He was very generous, giving many alms to the people – gifts of charity to the Jewish people.

He depended upon God for his existence. He desired the light that he knew came from God.

He feared the God of Israel. He observed Jewish activities. He fasted as Jews were commanded to do; He prayed to God at 3 o’clock in the afternoon, the standard Jewish time of prayer; he provided gifts to the poor, which was a mark of Jewish piety.

He taught his household about God. Among the Jews, he was accepted, although he was a Roman – a Gentile. Most Romans were hated by the Jews.

As an officer of the Roman army, Cornelius was a man who was influential in his surroundings. He was a strong influence in his own household as well.

In some circles today, Cornelius would be considered a “good man.” Many would even go so far as to say he could pass as a Christian.

But the truth is that Cornelius was not a Christian before he met Peter. What? He wasn’t a Christian! How could he not be a Christian? Why could he not have been a Christian? The answer to that question is a simple one. But it is one that so many people miss. But it is very simple when you know what the first requirement toward becoming a Christian is. Here it is:

Cornelius was not, and could not, be a Christian at that time because he had never heard the Gospel.

Earlier, I mentioned that he desired the light that he knew came from God. He is a man who lived up to the light that he had. Millions of people, over thousands of years, have done the same. They live up to the light that they have. But that light is not THE LIGHT.

John 1:9 talks about John the Baptist coming. He was sent by God. He came to testify about the Light, but he himself was not the Light. He only came to testify about the Light – who is, of course, Jesus Christ.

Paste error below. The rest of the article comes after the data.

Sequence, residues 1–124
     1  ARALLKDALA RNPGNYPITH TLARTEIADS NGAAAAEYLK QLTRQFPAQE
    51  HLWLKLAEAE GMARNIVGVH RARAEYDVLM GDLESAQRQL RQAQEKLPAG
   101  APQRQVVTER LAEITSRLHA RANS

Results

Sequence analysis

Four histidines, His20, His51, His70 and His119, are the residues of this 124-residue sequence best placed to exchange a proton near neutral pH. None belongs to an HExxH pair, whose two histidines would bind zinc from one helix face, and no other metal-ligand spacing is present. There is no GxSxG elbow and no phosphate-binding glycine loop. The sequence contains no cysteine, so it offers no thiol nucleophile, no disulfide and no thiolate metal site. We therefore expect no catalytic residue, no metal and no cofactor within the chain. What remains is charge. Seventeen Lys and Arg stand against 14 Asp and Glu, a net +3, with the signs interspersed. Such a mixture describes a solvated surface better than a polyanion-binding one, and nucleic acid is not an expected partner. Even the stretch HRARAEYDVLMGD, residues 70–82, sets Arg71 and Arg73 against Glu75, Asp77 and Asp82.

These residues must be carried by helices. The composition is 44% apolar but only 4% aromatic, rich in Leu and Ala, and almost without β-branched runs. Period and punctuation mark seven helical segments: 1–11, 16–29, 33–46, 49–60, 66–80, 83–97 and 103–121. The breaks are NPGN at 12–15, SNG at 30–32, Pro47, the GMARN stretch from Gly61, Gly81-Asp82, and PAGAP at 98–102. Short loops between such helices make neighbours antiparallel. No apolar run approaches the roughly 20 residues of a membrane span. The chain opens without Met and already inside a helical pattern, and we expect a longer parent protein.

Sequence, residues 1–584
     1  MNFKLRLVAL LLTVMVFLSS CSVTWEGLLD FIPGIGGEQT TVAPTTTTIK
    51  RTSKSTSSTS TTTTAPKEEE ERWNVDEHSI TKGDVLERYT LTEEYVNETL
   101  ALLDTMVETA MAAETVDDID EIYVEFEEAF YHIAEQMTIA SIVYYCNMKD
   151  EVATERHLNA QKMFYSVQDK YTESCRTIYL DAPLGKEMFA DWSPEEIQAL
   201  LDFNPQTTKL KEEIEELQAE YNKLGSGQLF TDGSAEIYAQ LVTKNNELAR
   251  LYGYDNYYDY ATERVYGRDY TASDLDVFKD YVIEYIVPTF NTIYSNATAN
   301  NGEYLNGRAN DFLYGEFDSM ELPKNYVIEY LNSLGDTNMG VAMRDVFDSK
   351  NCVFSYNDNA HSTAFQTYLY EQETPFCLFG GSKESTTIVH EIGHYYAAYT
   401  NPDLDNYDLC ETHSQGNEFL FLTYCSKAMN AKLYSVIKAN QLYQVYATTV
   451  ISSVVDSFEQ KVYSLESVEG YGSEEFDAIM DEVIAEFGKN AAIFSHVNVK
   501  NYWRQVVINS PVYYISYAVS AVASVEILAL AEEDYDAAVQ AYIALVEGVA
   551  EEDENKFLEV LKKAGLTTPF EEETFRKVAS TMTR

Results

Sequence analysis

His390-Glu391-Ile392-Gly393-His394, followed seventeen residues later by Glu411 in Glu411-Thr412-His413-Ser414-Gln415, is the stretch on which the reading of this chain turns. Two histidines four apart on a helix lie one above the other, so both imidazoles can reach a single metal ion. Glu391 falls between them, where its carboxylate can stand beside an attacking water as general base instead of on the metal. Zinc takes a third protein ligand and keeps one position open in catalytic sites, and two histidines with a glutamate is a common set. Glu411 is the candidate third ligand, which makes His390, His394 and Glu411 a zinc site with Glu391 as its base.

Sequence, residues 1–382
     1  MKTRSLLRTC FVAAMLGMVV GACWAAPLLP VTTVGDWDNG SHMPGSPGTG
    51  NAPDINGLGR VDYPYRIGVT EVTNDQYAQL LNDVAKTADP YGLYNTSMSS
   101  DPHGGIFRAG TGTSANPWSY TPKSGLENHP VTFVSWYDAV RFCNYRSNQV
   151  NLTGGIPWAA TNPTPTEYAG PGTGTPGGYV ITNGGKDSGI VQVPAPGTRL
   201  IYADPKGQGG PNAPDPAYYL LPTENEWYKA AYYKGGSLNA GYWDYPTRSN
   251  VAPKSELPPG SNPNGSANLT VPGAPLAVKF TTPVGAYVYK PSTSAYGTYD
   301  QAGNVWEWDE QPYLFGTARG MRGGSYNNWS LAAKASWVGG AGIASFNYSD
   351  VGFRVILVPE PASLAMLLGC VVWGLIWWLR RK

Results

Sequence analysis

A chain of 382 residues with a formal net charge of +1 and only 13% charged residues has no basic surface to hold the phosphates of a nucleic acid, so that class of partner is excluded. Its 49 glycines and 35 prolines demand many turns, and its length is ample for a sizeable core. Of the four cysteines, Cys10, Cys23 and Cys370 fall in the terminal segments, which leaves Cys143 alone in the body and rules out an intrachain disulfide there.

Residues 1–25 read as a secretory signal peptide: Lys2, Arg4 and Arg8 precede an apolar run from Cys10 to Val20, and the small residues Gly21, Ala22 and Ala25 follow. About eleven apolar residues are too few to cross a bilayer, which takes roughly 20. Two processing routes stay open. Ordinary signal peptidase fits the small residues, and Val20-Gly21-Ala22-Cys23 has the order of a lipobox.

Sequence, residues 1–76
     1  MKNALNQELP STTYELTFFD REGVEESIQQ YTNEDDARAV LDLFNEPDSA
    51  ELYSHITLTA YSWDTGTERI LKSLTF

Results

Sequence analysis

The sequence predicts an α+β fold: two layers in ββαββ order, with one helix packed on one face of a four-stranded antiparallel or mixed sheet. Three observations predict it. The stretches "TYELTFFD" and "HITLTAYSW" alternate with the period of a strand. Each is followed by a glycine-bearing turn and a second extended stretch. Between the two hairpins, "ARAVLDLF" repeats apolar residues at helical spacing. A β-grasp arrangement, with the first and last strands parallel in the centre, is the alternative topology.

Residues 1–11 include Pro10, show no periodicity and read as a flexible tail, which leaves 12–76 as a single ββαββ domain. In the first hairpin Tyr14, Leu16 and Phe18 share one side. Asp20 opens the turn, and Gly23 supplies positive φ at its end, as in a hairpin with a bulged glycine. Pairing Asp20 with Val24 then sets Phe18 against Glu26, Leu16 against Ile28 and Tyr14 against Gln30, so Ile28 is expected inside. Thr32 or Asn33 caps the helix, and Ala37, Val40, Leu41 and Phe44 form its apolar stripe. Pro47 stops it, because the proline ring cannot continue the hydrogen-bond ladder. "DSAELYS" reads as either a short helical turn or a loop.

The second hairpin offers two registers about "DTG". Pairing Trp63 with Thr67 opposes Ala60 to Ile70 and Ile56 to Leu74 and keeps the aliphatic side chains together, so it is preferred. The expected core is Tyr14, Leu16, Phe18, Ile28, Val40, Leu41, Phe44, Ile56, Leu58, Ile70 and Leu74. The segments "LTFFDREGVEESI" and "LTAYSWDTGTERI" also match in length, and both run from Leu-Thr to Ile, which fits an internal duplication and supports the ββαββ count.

There are multitudes of Cornelius’s in the world today. They are good men and women. They share what they have with others who are down and out. They may even pray to God. But there is something missing.

These are those who are known among the masses as the “good man or the good woman.” And, in their thinking, a good man or woman ought to be fit for heaven.

Many people have depended upon the theory that any good person is surely going to be in heaven. There is no way God would bar a good person from spending eternity with Him in heaven.

You have heard the saying, “The road to heaven is paved with good intentions.” The Word says differently. However, we could say with confidence that the road to Hell is paved with good intentions but bad choices and practices.

The road to heaven being paved with good intentions might be true if that is what God said. But He didn’t say it. It might be true if God had not provided the sacrifice of the Lamb – His Son, Jesus Christ, to be the way to salvation. But He did provide the sacrifice that leads us to salvation.

In my study for this sermon, I came across this bold statement:

There are a lot of things we can go to Heaven without. A man may go to heaven…….without wealth, without health, without fame, without a great name, without learning, without culture, without beauty, without friends, without ten thousand other things……..but he can never go to heaven without Christ.

Without Jesus Christ, all of mankind is lost. Without His life living on this earth among sinners, there would be no salvation. Without his sacrifice on the cross, there would be no redemption, no manner of forgiveness, and no hope of eternal life for us in heaven. Without His resurrection, there would be no possibility of a new life for mankind.

We have available to us these things: salvation through the blood of Christ; we have one who has paid the price for our sins. He has redeemed us. He has the power to forgive us of our sins when we are repentant. And, finally, we have the hope of eternal life in Heaven with our Lord. And that life will never end. That is eternal life.

I leave you with this – author unknown:

  • Look backward – see Christ dying for you.

  • Look upward – see Christ pleading for you.

  • Look inward – see Christ living in you.

  • Look forward – see Christ coming for you.

Christ died for each of us. He waits in Heaven, pleading for the lost to come to know Him as Lord.

For those of us who, having heard His Word, have answered His pleading, obeyed His command to repent of our sins, and have been baptized for the forgiveness of our sins, we know Christ lives in us as we faithfully look forward to His coming again to take His own home with Him.